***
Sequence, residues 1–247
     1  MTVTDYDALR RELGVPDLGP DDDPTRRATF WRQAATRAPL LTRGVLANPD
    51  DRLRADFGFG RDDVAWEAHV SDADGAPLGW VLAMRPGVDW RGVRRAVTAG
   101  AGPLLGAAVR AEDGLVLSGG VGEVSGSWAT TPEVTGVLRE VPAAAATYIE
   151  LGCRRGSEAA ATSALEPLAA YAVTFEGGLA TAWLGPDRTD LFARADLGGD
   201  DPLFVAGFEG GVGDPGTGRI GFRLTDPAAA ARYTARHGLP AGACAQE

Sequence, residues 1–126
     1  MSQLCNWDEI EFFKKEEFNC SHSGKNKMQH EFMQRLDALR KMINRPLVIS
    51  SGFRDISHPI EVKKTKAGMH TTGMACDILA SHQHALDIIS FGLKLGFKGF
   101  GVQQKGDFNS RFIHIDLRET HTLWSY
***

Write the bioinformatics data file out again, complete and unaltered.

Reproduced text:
Sequence, residues 1–247
     1  MTVTDYDALR RELGVPDLGP DDDPTRRATF WRQAATRAPL LTRGVLANPD
    51  DRLRADFGFG RDDVAWEAHV SDADGAPLGW VLAMRPGVDW RGVRRAVTAG
   101  AGPLLGAAVR AEDGLVLSGG VGEVSGSWAT TPEVTGVLRE VPAAAATYIE
   151  LGCRRGSEAA ATSALEPLAA YAVTFEGGLA TAWLGPDRTD LFARADLGGD
   201  DPLFVAGFEG GVGDPGTGRI GFRLTDPAAA ARYTARHGLP AGACAQE

Sequence, residues 1–126
     1  MSQLCNWDEI EFFKKEEFNC SHSGKNKMQH EFMQRLDALR KMINRPLVIS
    51  SGFRDISHPI EVKKTKAGMH TTGMACDILA SHQHALDIIS FGLKLGFKGF
   101  GVQQKGDFNS RFIHIDLRET HTLWSY